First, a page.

Giving a lift

A friend who lives in Whitehorse recently bought her first vehicle. Now, she is quite environmentally aware, and purchasing a vehicle did raise some mental anguish. Fortunately anguish can be rationalized away.

A friend who lives in Whitehorse recently bought her first vehicle.

Now, she is quite environmentally aware, and purchasing a vehicle did raise some mental anguish.

Fortunately anguish can be rationalized away.

She determined that a vehicle was required to go efficiently to and from work.

In addition, she felt it was needed to access recreational and cultural opportunities.

The irony is that her work revolves around climate change.

Climate change is caused by the very greenhouse gases that come out of the exhaust tailpipe of the vehicle that she just purchased.

Despite this, she felt that there was no practical alternative to not owning a vehicle.

While it is possible to use the public transit to get from most of the urban subdivisions to the majority of offices and businesses, it is far from convenient.

This is mainly due to lack of frequent service and restricted hours of operation.

The frequency cannot be increased nor can the hours be extended until ridership increases.

And ridership will not increase until the frequency and hours improve.

It is a chicken and egg dilemma that has been going on for many years.

As far as getting to and from cultural activities, a vehicle is a must.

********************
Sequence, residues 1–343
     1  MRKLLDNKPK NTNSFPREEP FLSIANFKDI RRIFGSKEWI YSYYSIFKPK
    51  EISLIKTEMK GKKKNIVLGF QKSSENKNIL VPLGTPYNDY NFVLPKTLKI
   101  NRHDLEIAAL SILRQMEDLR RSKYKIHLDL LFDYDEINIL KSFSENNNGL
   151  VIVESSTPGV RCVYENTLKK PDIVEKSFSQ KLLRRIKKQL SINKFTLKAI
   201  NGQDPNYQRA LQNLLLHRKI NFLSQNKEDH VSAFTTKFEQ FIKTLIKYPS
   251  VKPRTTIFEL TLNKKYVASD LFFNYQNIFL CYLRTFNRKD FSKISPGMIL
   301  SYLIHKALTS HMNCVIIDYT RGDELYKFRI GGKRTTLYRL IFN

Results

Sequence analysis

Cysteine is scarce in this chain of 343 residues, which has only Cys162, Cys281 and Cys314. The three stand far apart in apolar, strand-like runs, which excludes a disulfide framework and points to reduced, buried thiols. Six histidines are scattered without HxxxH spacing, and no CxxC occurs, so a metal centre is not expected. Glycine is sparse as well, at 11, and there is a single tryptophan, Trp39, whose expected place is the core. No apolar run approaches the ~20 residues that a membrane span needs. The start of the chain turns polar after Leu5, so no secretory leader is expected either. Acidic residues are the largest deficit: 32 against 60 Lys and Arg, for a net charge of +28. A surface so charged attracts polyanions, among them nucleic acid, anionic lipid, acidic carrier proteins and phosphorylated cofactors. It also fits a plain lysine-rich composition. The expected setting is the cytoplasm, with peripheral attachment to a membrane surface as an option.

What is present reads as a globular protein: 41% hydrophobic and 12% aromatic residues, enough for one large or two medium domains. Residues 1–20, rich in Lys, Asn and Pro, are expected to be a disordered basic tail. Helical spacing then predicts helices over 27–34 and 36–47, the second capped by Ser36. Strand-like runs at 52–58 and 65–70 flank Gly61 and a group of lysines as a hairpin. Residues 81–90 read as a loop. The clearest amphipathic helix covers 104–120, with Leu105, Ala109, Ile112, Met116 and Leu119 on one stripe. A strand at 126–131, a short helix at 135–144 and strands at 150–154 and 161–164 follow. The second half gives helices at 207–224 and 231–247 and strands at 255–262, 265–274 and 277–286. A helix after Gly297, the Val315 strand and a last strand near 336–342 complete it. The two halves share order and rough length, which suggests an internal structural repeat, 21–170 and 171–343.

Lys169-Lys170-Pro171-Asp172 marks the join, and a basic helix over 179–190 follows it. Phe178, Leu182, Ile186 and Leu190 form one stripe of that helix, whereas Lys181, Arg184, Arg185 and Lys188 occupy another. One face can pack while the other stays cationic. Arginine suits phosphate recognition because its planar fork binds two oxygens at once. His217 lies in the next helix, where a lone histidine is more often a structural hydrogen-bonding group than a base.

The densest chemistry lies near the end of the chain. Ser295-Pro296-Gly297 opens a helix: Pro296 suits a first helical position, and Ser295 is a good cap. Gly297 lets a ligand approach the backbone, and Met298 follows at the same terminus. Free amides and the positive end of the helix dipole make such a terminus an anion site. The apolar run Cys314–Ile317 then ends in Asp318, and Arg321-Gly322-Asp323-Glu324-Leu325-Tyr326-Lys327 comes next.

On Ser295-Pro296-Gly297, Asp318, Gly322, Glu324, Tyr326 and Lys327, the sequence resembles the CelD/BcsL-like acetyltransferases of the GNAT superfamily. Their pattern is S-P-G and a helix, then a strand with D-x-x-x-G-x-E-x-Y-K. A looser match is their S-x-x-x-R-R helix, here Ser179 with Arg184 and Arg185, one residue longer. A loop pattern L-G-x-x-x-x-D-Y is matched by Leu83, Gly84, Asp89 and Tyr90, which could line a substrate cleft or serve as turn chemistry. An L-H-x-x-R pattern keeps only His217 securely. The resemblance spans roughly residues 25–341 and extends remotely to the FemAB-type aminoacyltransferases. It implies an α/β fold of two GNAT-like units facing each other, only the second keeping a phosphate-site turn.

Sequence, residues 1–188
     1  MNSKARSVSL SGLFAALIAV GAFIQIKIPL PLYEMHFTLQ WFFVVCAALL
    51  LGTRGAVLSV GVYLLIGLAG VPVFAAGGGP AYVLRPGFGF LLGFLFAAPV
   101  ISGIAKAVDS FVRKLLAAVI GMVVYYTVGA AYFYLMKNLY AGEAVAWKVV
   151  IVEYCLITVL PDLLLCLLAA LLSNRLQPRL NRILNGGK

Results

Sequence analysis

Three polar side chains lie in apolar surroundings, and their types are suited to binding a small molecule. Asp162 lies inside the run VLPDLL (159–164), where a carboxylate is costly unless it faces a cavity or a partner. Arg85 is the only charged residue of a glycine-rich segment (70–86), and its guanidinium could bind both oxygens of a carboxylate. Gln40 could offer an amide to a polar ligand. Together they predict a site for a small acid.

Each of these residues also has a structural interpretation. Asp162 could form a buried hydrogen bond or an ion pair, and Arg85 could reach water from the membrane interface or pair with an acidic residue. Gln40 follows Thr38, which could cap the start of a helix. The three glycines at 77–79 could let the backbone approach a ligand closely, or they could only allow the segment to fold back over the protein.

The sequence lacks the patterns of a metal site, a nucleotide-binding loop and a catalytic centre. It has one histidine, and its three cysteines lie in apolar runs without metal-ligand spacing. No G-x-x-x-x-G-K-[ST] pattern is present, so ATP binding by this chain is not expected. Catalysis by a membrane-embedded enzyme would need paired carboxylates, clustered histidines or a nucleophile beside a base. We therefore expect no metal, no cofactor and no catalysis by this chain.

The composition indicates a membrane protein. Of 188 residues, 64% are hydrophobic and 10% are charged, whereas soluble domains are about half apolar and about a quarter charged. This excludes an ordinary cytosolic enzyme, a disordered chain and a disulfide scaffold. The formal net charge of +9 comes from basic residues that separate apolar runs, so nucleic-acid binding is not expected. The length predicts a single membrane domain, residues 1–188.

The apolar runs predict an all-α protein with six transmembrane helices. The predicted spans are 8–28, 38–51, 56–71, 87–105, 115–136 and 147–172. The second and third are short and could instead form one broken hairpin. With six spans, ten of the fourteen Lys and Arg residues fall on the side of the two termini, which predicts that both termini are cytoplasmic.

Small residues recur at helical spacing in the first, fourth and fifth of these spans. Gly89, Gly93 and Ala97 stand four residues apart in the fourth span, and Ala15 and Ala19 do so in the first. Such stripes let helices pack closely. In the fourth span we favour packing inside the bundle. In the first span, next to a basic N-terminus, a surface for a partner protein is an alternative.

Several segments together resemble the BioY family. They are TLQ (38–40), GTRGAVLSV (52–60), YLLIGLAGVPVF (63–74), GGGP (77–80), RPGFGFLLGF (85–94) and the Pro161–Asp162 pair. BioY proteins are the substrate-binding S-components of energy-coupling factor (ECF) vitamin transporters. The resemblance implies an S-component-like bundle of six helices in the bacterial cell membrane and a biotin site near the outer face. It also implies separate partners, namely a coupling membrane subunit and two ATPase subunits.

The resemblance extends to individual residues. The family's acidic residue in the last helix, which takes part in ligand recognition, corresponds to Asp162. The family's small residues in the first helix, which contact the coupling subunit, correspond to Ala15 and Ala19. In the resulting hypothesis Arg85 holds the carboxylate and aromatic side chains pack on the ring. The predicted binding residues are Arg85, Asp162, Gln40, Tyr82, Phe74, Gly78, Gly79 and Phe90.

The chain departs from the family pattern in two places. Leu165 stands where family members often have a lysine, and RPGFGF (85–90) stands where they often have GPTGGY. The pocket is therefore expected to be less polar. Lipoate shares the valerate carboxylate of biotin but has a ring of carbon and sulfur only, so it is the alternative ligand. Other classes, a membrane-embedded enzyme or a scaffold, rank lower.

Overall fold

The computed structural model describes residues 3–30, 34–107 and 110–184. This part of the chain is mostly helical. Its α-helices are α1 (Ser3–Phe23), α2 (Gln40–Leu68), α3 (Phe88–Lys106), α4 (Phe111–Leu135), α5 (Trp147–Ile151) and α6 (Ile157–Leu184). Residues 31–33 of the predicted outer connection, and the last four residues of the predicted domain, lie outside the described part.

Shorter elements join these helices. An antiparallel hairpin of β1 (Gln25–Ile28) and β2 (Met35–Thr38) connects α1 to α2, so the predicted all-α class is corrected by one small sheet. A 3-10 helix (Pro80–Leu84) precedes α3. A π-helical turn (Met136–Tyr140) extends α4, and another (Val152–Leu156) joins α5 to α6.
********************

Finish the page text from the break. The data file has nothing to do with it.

Most shows, be they theatre or film or music, end late at night, long after transit has stopped.

While there are taxis, there are often not enough of them available to convey all passengers home in a timely manner after a busy concert.

This can mean a long wait late at night in order to get an empty cab.

A vehicle is required to partake in certain recreational activities.

Getting to the Mt. Sima ski hill requires a vehicle because there is no community shuttle service.

And while hard-core skiers do ski out to the Chadburn Lake ski trails, most users drive out in their own vehicles.

It is counter intuitive, but in order to enjoy the great natural outdoors the products of the fossil-fuel industrial society must be used to access it.

In Whitehorse’s case it means almost everyone owns their own vehicle.

What it all boils down to is not that Whitehorse has an inadequate transit system.

In fact, given the circumstances it is actually a pretty good system although there is room for improvement.

The problem lies in the way Whitehorse is laid out, and the way it is inhabited.

To be blunt, it is a low-density suburban sprawl.

Yes, sprawl is used as a noun, not as a verb, when describing the Yukon’s capital city.

Now, there has been a lot of talk in recent days how the United States will be improving vehicle emissions standards.

These emissions are only part of the environmental catastrophe that vehicles are responsible for.

Even if all vehicles ran on environmentally friendly pixie dust the amount of land that would be gobbled up in the sprawl of roads and parking would still be horrendous.

Cars are not really the problem.

The problem is how we’ve chosen to live, sprawled and destroying the very landscape we love.

Now there are those, like this writer, who choose for environmental reasons to not own a car.

It is actually very easy to live car free in this town as long as the rest of you all own vehicles, and of course are prepared to give him rides.

Lewis Rifkind is a Whitehorse based part-time environmentalist.

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